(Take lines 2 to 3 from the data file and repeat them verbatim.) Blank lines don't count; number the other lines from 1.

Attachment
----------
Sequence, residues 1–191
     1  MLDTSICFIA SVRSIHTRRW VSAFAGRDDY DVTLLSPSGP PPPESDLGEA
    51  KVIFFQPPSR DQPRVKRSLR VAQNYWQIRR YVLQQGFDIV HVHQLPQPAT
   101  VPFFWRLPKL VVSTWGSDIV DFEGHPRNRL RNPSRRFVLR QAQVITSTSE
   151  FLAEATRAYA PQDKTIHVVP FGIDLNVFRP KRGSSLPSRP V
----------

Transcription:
     1  MLDTSICFIA SVRSIHTRRW VSAFAGRDDY DVTLLSPSGP PPPESDLGEA
    51  KVIFFQPPSR DQPRVKRSLR VAQNYWQIRR YVLQQGFDIV HVHQLPQPAT